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I am reading this blog: Pipes and filters pattern

I am confused by this code snippet:

public class Pipeline<T>
{
    private readonly List<IOperation<T>> operations = new List<IOperation<T>>();

    public Pipeline<T> Register(IOperation<T> operation)
    {
        operations.Add(operation);
        return this;
    }

    public void Execute()
    {
        IEnumerable<T> current = new List<T>();
        foreach (IOperation<T> operation in operations)
        {
            current = operation.Execute(current);
        }
        IEnumerator<T> enumerator = current.GetEnumerator();
        while (enumerator.MoveNext());
    }
}

what is the purpose of this statement: while (enumerator.MoveNext());? seems this code is a noop.

share|improve this question
    
Can't see any purpose. If there is some hidden side effect to calling MoveNext in this context, that's a nasty piece of code. –  Diego Deberdt Apr 22 '10 at 18:45

3 Answers 3

up vote 7 down vote accepted

First consider this:

IEnumerable<T> current = new List<T>();
foreach (IOperation<T> operation in operations)
{
    current = operation.Execute(current);
}

This code appears to be creating nested enumerables, each of which takes elements from the previous, applies some operation to them, and passes the result to the next. But it only constructs the enumerables. Nothing actually happens yet. It's just ready to go, stored in the variable current. There are lots of ways to implement IOperation.Execute but it could be something like this.

IEnumerable<T> Execute(IEnumerable<T> ts)
{
    foreach (T t in ts)
        yield return this.operation(t); // Perform some operation on t.
}

Another option suggested in the article is a sort:

IEnumerable<T> Execute(IEnumerable<T> ts)
{
    // Thank-you LINQ!
    // This was 10 lines of non-LINQ code in the original article.
    return ts.OrderBy(t => t.Foo);
}

Now look at this:

IEnumerator<T> enumerator = current.GetEnumerator();
while (enumerator.MoveNext());

This actually causes the chain of operations to be performed. When the elements are requested from the enumeration, it causes elements from the original enumerable to be passed through the chain of IOperations, each of which performs some operation on them. The end result is discarded so only the side-effect of the operation is interesting - such as writing to the console or logging to a file. This would have been a simpler way to write the last two lines:

foreach (T t in current) {}

Another thing to observe is that the initial list that starts the process is an empty list so for this to make sense some instances of T have to be created inside the first operation. In the article this is done by asking the user for input from the console.

share|improve this answer
    
what about useing .ToList() to make the operations to be performed –  Benny Apr 22 '10 at 19:19
    
@Benny: Yes, you could also write current.ToList(); instead of the last two lines. This would also cause the enumeration to occur. –  Mark Byers Apr 22 '10 at 19:20
    
I suspect that this whole thing can only work because there is somewhere a yield return embedded in the Execute method of the operations list. So what I'm saying is, that this cannot be possibly done without the use of yield return, because only that causes lazy evaluation. Am I right? –  kahoon Apr 22 '10 at 20:34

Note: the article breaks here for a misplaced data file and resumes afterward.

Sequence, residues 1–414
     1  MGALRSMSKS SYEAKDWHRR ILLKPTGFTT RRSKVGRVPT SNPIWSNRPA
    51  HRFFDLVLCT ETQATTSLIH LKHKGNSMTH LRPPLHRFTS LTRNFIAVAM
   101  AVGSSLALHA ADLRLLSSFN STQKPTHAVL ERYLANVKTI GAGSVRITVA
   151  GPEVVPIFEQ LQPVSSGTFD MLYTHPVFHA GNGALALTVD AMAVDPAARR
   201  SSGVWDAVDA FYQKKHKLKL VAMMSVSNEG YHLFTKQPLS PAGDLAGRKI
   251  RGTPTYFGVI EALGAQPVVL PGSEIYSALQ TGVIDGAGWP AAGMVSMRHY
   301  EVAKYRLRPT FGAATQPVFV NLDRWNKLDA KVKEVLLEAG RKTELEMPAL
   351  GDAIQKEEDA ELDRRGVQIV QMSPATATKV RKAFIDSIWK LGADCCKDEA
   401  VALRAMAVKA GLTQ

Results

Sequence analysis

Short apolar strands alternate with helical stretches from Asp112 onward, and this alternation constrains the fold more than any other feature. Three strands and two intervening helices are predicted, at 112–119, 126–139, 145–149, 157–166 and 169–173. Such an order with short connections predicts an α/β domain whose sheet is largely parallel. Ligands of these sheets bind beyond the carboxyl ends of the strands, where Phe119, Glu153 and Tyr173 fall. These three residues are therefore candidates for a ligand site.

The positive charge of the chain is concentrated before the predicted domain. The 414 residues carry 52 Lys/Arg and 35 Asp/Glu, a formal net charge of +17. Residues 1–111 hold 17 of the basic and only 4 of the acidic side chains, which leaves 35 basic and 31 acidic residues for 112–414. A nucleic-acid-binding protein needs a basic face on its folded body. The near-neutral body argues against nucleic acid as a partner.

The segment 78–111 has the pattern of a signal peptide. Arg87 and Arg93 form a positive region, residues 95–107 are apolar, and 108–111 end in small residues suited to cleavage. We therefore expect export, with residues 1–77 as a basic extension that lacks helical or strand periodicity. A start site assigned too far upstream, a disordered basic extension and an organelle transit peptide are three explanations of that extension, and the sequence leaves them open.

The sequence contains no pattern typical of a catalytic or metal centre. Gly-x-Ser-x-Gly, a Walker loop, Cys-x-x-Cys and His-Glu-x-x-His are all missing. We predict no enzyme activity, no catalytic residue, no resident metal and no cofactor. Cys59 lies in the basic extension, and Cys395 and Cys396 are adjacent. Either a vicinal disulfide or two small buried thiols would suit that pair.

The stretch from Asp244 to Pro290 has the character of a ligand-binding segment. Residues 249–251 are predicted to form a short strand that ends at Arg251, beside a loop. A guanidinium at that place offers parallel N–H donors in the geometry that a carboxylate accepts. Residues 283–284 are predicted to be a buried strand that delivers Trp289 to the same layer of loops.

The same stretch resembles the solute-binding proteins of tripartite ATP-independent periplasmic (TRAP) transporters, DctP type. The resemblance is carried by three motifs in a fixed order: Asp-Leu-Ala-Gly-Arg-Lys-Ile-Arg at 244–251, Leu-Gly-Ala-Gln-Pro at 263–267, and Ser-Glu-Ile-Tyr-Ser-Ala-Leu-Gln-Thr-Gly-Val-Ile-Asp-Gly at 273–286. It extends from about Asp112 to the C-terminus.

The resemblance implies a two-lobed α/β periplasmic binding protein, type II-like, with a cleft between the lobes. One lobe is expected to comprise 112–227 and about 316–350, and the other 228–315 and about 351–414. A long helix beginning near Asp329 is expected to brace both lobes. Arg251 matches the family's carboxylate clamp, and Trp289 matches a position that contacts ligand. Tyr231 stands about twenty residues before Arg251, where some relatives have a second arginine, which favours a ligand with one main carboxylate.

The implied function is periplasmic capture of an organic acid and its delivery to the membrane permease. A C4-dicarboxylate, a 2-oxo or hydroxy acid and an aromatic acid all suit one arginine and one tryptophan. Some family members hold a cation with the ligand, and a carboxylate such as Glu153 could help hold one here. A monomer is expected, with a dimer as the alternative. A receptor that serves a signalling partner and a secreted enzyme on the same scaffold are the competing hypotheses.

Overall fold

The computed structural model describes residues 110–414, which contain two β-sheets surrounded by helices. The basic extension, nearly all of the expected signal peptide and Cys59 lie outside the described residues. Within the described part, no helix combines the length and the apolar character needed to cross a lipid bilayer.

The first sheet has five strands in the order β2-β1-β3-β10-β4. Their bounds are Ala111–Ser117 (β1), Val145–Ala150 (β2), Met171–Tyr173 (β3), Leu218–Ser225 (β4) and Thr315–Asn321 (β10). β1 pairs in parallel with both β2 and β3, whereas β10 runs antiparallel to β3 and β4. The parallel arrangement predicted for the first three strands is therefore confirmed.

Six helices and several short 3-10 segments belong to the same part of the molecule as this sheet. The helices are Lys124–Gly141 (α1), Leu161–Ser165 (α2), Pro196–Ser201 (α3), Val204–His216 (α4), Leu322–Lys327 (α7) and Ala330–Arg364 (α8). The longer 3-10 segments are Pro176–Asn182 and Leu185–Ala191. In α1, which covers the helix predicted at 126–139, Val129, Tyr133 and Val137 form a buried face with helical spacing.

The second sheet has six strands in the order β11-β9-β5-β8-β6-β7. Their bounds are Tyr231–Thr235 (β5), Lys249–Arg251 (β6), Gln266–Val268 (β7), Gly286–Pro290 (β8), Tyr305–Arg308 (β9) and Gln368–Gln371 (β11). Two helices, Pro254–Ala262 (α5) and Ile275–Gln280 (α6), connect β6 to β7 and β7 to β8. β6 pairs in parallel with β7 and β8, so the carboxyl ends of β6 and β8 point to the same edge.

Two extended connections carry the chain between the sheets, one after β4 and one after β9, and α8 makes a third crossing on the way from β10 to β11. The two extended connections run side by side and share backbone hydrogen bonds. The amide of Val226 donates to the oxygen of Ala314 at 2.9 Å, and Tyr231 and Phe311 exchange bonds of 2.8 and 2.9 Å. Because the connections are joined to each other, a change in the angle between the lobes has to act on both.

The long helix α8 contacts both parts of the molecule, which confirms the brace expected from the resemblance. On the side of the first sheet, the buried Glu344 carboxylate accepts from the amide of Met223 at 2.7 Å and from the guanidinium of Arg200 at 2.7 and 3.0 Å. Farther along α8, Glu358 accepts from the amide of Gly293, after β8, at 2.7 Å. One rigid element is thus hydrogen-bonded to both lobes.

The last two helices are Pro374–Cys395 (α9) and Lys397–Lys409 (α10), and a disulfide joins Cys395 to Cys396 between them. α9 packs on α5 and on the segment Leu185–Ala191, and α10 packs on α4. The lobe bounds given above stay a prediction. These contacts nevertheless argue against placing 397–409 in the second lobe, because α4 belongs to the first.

To me, this simply looks like bad design. Calling MoveNext() should not have as a side effect that "the missile was launched". There should not be a side effect. MoveNext() should do what it promises to do as part of its contract - and nothing else! –  Diego Deberdt Apr 23 '10 at 8:33
    
Since all IEnumerator<T>'s are IDisposable; the Dispose method should be called whenever an IEnumerator is no longer in use. Since the foreach construct does this automatically, I prefer the empty bodied foreach. –  devgeezer Sep 17 '10 at 18:44

In this case, the while (enumerator.MoveNext()); is simply evaluating all the items that are returned by the final IOperation<T>. It looks a little confusing, but the empty List<T> is only created in order to supply a value to the first IOperation<T>.

In many collections this would do exaclty nothing as you suggest, but given that we are talking about the pipes and filters pattern it is likely that the final value is some sort of iterator that will cause code to be executed. It could be something like this, for example (assuming that is an integer):

public class WriteToConsoleOperation : IOperation<int>
{
    public IEnumerable<int> Execute(IEnumerable<int> ints)
    {
        foreach (var i in ints)
        {
            Console.WriteLine(i);
            yield return i;
        }
     }
}

So calling MoveNext() for each item on the IEnumerator<int> returned by this iterator will return each of the values (which are ignored in the while loop) but also output each of the values to the console.

Does that make sense?

share|improve this answer
    
sure it make sense. –  Benny Apr 22 '10 at 19:15
while (enumerator.MoveNext());

Inside the current block of code, there is no affect (it moves through all the items in the enumeration). The displayed code doesn't act on the current element in the enumeration. What might be happening is that the MoveNext() method is moving to the next element, and it is doing something to the objects in the collection (updating an internal value, pull the next from the database etc.). Since the type is List<T> this is probably not the case, but in other instances it could be.

share|improve this answer
    
so, the enclosing while code does not make a difference? –  Patrick Karcher Apr 22 '10 at 18:41
1  
while(enumerator.MoveNext()); is a complete loop. This effectively traverses the entire enumerable. –  Anthony Pegram Apr 22 '10 at 18:42

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